Wednesday, September 30, 2009
It was fun to take a break from sweater knitting to whip up this little creature; it only took me two or three days, so it was a very quick knit. The pattern was very easy to follow and I'm pleased with the results. Moose isn't too impressed, but that's probably because he's sleeping - as usual! Anyway, check out the terrific Fuzzy Mitten animal patterns; they are uniformly wonderful.
Monday, September 28, 2009
I wish I could do that with knitting. (And with men, but that's another story.)
I'm over halfway done with my Diamond Yoke Cardigan but had to frog back to fix my M1stitches. Bored, I decided I'd detour and make a quick project instead. I grabbed the Knit Picks Swish Bulky I'd just gotten in the mail and whipped up the new, adorable Fuzzy Mitten pug pattern. I am the proud mamma of Moose, pug extraordinare, so of course I had to make his body double.
Not the pug. Just the yarn. Swish is gorgous: merino, plush, squishy, and soft, soft, soft. It great to knit with this lucious yarn, which holds its shape much better than the Comfy Bulky I've been using for the cardigan. I tried the cotton/acrylic Comfy because I'm menopausal and live in the Mid Atlantic where the winters are fairly mild. But after knitting up the Swish, I think I need to abandon ship and swim towards that Swishy shore. (Hmmm... maybe I should be undoing that particular metaphor!)
I swatched up the Swish in both plain stockinette and in the twisted rib pattern. My only response is SIGH.
I've done a lot of work on the Comfy version, but I really think I should reboot and start over. Now that I've got the pattern down pat, it will be easier and faster to re-create. And hopefully I'll end up with the sweater I'd envisioned to begin with.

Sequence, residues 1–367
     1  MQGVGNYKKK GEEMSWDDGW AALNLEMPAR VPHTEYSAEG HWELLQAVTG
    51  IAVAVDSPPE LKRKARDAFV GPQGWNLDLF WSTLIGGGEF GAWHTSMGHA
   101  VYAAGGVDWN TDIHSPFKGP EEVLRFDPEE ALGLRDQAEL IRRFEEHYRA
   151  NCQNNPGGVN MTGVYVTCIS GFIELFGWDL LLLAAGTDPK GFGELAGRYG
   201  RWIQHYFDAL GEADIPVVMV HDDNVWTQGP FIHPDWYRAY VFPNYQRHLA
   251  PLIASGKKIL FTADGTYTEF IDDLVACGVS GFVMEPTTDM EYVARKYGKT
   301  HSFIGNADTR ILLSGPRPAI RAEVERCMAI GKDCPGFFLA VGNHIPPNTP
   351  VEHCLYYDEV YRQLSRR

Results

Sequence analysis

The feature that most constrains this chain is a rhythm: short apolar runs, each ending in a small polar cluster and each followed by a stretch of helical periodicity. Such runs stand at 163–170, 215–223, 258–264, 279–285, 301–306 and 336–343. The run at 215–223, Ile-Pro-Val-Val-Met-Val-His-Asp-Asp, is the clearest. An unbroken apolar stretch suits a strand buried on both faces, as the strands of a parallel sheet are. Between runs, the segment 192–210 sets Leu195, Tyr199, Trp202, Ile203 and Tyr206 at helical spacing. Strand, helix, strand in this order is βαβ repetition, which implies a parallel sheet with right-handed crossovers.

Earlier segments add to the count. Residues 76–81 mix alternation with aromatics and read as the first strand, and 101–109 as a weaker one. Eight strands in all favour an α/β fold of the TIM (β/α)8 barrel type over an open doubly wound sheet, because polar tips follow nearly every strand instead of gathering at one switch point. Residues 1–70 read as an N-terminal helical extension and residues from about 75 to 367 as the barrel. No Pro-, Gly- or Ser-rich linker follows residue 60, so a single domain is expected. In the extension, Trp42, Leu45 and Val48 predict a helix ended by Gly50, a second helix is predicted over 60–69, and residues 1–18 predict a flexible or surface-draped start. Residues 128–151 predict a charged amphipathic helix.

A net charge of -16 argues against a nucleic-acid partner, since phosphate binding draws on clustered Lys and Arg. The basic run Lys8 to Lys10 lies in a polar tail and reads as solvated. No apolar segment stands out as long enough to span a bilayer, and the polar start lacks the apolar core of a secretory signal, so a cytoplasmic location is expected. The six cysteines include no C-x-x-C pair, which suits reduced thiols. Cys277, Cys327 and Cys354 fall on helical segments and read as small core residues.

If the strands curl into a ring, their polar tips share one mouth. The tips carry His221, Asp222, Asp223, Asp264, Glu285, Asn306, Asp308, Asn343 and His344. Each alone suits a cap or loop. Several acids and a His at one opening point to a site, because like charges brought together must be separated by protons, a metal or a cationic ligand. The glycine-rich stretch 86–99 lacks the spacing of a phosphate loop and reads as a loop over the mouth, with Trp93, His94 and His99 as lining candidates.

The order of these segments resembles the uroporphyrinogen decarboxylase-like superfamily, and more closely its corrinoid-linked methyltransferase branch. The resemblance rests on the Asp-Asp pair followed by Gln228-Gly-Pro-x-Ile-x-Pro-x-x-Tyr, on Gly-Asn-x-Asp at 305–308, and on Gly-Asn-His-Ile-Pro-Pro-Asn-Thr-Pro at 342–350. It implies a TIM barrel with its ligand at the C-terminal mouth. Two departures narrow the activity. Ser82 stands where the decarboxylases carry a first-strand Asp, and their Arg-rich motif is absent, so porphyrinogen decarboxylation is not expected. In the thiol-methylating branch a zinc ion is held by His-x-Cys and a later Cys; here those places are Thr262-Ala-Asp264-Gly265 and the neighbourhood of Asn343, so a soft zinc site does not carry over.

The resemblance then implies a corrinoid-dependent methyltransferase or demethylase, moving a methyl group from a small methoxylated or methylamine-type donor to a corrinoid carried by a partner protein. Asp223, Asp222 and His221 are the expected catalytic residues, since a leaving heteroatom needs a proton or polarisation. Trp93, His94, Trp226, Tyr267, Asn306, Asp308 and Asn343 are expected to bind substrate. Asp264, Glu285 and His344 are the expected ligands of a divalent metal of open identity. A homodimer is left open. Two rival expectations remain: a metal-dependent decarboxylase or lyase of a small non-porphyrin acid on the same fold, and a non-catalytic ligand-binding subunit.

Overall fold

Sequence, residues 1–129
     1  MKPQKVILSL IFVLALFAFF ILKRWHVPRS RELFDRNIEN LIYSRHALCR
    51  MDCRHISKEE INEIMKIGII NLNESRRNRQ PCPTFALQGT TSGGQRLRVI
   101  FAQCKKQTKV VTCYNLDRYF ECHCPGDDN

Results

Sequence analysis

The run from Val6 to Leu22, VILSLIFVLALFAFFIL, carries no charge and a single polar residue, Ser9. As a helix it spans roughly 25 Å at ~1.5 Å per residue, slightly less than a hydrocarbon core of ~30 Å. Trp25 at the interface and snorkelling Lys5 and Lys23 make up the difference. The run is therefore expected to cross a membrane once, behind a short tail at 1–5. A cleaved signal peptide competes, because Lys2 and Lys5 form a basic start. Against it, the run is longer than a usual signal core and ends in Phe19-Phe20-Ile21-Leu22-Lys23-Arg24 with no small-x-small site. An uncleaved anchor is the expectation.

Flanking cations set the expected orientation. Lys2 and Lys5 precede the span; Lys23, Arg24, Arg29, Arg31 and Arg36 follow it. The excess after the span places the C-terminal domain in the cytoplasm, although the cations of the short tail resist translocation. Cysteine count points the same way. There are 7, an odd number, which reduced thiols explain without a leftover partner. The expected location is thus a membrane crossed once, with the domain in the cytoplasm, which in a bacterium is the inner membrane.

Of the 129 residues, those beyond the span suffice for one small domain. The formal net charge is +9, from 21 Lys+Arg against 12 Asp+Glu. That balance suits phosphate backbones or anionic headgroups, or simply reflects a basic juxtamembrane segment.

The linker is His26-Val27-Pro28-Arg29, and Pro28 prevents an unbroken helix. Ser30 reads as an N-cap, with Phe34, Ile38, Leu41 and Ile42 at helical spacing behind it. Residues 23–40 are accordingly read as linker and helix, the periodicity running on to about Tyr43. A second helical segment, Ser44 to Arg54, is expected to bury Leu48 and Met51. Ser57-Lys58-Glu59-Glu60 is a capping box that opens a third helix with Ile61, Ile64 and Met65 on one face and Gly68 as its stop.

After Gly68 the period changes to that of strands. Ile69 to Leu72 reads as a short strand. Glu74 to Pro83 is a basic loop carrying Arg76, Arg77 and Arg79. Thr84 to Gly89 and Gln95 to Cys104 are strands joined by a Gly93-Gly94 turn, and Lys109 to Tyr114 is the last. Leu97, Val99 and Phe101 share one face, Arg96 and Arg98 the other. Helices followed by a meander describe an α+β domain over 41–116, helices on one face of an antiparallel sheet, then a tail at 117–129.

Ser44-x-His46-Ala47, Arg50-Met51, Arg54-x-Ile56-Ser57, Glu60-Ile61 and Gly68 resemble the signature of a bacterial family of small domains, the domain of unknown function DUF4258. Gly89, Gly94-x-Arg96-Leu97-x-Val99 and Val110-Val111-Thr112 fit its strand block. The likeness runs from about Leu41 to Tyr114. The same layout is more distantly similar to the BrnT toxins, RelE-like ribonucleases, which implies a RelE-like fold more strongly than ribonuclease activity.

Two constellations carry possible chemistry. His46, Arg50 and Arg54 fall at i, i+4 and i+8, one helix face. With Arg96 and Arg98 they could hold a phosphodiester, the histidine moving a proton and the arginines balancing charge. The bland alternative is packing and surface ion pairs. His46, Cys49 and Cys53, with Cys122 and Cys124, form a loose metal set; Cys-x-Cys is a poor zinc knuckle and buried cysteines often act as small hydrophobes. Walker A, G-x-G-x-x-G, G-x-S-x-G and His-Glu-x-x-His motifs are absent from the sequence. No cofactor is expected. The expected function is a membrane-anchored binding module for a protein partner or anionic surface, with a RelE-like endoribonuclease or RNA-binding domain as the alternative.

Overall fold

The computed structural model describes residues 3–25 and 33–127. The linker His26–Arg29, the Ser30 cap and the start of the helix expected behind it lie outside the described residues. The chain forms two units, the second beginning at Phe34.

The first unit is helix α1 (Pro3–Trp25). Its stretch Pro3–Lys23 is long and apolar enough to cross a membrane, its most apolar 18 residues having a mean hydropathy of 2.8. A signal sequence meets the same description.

I was going to buy Swish, but I found Louet Riverstone Bulky on sale at Webs, God bless them. You can always count on Webs for a great deal! The Swish would have cost me over $90 with shipping, but the on-sale Riverstone is only $58. Both are 100% wool; let's hope I like the Riverstone as much as Swish. I do love the color, which will be becoming with my dark hair and pale skin.
Perhaps this additional purchase will remind me that yarn substitution makes all the difference - and that I really don't like acrylic blend yarn, at least not for sweaters for me.
So here we go: CTRL V. Or even better: CTRL ALT DEL!!!
Saturday, September 26, 2009
This video shows the backward loop technique to cast on, but it's the same technique when increasing stitches, too. (Thank you, Lynn for pointing out that the previous video I had posted here was on yarn overs, not backwards loops.)
I frogged back the body to before the increase row and altogether threw away the sleeve I'd made. I started the sleeve over again yesterday using the backward loop method - and it works much better. Here's proof:
Teresa is right - I would have hated having all those little holes everywhere. I despise frogging, but knitting a half-ass sweater is even worse. It takes so much time and effort to make a garment. Might as well do it right... maybe not the first time, but at least the second or third. :-)
Friday, September 25, 2009
Lots of women have made their own body doubles and posted pics online. Here's a small sampling. Isn't it interesting to see the similarities and differences between the female human form?
Designer Wendy Bernard came up with the idea of duct-tape dress forms, so my knitting group decided to give it a try. It was surprisingly easy, and not-surprisingly, super fun! Basically, you wrap a friend as tightly as you can in duct tape, cut it up the back, retape it, and stuff it with polyfill.I know from looking at my blog's statistics that lots of folks come here to read about duct tape dress forms. If you're one of them, welcome! Now go ahead and make yours - and send me pics when you're done. I'd love to see the results.
Thursday, September 24, 2009
What does M1 mean to you? I've discovered it means different things to different people. For example, when you say M1 to my bff, Theresa, she'd probably think of the BMW concept car:
But my boyfriend would automatically envision the rifle: